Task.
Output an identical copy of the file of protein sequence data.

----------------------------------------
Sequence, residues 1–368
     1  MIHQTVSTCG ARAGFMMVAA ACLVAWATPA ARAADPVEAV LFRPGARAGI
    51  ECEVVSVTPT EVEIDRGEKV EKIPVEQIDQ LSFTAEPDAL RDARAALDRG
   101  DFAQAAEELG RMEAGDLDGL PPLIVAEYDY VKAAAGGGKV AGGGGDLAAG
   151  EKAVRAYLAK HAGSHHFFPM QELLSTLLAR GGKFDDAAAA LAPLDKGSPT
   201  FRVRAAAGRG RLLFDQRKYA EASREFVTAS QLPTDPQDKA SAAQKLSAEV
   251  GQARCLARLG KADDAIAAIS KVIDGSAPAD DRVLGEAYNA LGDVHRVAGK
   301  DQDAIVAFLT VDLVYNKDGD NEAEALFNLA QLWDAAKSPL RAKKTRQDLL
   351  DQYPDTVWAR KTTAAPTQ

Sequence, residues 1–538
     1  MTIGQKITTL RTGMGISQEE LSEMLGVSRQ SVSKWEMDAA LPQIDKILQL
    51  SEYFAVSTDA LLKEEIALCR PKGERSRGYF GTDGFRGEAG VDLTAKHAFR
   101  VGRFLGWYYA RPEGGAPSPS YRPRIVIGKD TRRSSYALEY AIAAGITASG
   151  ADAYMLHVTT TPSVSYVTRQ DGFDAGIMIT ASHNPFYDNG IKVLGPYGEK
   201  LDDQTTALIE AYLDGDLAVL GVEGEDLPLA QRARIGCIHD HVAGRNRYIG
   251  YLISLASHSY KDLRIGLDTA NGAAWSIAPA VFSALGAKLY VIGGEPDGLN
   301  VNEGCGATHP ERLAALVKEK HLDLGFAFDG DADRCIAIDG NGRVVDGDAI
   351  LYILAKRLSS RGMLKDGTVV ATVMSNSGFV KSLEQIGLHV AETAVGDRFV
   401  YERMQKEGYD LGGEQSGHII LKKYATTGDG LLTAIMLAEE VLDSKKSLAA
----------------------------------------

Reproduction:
Sequence, residues 1–368
     1  MIHQTVSTCG ARAGFMMVAA ACLVAWATPA ARAADPVEAV LFRPGARAGI
    51  ECEVVSVTPT EVEIDRGEKV EKIPVEQIDQ LSFTAEPDAL RDARAALDRG
   101  DFAQAAEELG RMEAGDLDGL PPLIVAEYDY VKAAAGGGKV AGGGGDLAAG
   151  EKAVRAYLAK HAGSHHFFPM QELLSTLLAR GGKFDDAAAA LAPLDKGSPT
   201  FRVRAAAGRG RLLFDQRKYA EASREFVTAS QLPTDPQDKA SAAQKLSAEV
   251  GQARCLARLG KADDAIAAIS KVIDGSAPAD DRVLGEAYNA LGDVHRVAGK
   301  DQDAIVAFLT VDLVYNKDGD NEAEALFNLA QLWDAAKSPL RAKKTRQDLL
   351  DQYPDTVWAR KTTAAPTQ

Sequence, residues 1–538
     1  MTIGQKITTL RTGMGISQEE LSEMLGVSRQ SVSKWEMDAA LPQIDKILQL
    51  SEYFAVSTDA LLKEEIALCR PKGERSRGYF GTDGFRGEAG VDLTAKHAFR
   101  VGRFLGWYYA RPEGGAPSPS YRPRIVIGKD TRRSSYALEY AIAAGITASG
   151  ADAYMLHVTT TPSVSYVTRQ DGFDAGIMIT ASHNPFYDNG IKVLGPYGEK
   201  LDDQTTALIE AYLDGDLAVL GVEGEDLPLA QRARIGCIHD HVAGRNRYIG
   251  YLISLASHSY KDLRIGLDTA NGAAWSIAPA VFSALGAKLY VIGGEPDGLN
   301  VNEGCGATHP ERLAALVKEK HLDLGFAFDG DADRCIAIDG NGRVVDGDAI
   351  LYILAKRLSS RGMLKDGTVV ATVMSNSGFV KSLEQIGLHV AETAVGDRFV
   401  YERMQKEGYD LGGEQSGHII LKKYATTGDG LLTAIMLAEE VLDSKKSLAA